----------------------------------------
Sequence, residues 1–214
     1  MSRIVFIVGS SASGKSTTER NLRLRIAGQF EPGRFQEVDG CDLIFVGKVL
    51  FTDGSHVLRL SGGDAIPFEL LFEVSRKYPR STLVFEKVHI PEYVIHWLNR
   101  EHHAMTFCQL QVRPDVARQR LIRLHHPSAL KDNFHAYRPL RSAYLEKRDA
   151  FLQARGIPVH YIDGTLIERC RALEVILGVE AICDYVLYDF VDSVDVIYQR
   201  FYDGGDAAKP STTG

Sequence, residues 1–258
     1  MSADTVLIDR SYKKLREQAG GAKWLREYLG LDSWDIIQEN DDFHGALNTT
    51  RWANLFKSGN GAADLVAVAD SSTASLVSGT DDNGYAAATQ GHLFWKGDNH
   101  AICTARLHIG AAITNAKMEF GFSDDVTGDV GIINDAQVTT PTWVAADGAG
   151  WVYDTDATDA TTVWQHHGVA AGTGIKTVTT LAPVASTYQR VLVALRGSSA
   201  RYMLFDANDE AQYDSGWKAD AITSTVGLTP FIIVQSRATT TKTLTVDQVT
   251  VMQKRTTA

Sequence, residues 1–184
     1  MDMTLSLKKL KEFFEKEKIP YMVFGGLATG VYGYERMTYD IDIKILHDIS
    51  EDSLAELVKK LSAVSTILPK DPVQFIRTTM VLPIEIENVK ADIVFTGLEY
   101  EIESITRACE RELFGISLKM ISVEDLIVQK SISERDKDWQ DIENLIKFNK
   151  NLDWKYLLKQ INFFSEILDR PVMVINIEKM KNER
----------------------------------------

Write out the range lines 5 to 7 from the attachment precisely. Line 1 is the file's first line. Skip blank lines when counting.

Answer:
   151  FLQARGIPVH YIDGTLIERC RALEVILGVE AICDYVLYDF VDSVDVIYQR
   201  FYDGGDAAKP STTG

Sequence, residues 1–258